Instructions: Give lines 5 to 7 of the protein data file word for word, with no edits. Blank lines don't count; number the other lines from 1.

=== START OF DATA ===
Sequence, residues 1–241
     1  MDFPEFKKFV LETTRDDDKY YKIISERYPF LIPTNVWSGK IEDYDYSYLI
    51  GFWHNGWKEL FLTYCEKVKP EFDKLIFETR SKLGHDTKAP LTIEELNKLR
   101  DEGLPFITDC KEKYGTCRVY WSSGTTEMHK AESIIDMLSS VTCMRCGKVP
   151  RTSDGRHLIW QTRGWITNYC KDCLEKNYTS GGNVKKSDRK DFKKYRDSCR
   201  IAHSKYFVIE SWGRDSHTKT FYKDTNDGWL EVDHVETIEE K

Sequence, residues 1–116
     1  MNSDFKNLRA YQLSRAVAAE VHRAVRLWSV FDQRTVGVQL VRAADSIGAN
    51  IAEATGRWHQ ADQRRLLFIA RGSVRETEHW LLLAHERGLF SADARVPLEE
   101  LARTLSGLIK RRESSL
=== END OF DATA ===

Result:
   151  RTSDGRHLIW QTRGWITNYC KDCLEKNYTS GGNVKKSDRK DFKKYRDSCR
   201  IAHSKYFVIE SWGRDSHTKT FYKDTNDGWL EVDHVETIEE K

Sequence, residues 1–116